The number of people killed on construction sites rose to 50 last year, according to figures released today by the Health and Safety Executive.
It is the first annual increase in site deaths since 2006/7 and represents nine more than the 41 killed last year.
The provisional stats released by the HSE cover the period from April 2010 to March 2011.
HSE chief construction inspector Philp White said: “The construction industry continues to see more deaths than any other industrial sector. We must not lose sight of the fact that 50 construction workers failed to come home last year, and that will have devastated those they leave behind.”
Mr White said that while the increase was “extremely disappointing” the figures for a single year should not be viewed in isoltation.
He added: “Numbers and rates of fatal injuries in construction have seen an overall downward trend in the last five years.
“HSE will continue to work to reduce the number of fatal accidents, however, it is ultimately the responsibility of those who create health and safety risks to control them and prevent people being killed and injured.”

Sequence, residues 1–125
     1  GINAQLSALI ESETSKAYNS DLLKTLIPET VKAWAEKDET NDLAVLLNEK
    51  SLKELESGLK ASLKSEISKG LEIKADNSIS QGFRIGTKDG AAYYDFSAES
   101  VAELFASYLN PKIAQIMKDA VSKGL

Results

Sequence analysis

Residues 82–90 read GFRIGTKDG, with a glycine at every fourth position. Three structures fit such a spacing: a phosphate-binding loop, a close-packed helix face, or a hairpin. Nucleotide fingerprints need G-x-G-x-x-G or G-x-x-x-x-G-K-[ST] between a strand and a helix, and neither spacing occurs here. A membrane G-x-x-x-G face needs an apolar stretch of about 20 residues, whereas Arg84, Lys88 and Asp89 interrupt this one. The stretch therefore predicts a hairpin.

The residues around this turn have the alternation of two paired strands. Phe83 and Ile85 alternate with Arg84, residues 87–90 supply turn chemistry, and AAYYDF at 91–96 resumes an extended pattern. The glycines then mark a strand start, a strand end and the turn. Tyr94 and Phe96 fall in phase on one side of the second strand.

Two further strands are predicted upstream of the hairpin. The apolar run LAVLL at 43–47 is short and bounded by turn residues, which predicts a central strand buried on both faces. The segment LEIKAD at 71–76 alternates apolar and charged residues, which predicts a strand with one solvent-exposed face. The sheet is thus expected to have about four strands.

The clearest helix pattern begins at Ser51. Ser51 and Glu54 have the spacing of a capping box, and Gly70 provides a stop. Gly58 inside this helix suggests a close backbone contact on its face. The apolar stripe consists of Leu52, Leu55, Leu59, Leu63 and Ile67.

The majority of deaths continue to be on small construction sites as big contractors continue to push through improvements made over the last decade.
But the HSE is adamant the improvement is not about money but about mindset.
The rate of fatal injury has increased to 2.4 per 100,000 workers compared to 1.9 per 100,000 workers in 2009/10.
This compares to an average rate of 2.8 for the previous five years.
In each of the last five years, the number of fatal injuries has been:
- 2009/10 – 41 workers died – finalised figures
- 2008/09 – 52 workers died
- 2007/08 – 72 workers died
- 2006/07 – 79 workers died
- 2005/06 – 60 workers died